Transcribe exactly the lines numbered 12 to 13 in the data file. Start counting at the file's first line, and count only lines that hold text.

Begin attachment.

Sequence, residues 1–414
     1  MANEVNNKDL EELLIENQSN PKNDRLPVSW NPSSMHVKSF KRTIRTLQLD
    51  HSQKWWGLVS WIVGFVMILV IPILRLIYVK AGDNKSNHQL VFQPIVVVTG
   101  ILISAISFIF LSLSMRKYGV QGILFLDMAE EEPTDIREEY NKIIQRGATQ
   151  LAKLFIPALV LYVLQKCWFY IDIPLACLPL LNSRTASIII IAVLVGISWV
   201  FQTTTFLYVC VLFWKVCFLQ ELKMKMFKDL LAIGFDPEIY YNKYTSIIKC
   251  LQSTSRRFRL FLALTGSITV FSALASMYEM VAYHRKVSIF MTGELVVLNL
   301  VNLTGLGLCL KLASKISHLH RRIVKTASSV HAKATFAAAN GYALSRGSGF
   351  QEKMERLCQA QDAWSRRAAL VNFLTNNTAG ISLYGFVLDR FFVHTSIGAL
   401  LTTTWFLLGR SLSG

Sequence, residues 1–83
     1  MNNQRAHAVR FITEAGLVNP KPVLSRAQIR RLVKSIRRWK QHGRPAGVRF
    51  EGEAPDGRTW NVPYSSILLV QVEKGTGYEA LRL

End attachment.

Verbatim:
     1  MNNQRAHAVR FITEAGLVNP KPVLSRAQIR RLVKSIRRWK QHGRPAGVRF
    51  EGEAPDGRTW NVPYSSILLV QVEKGTGYEA LRL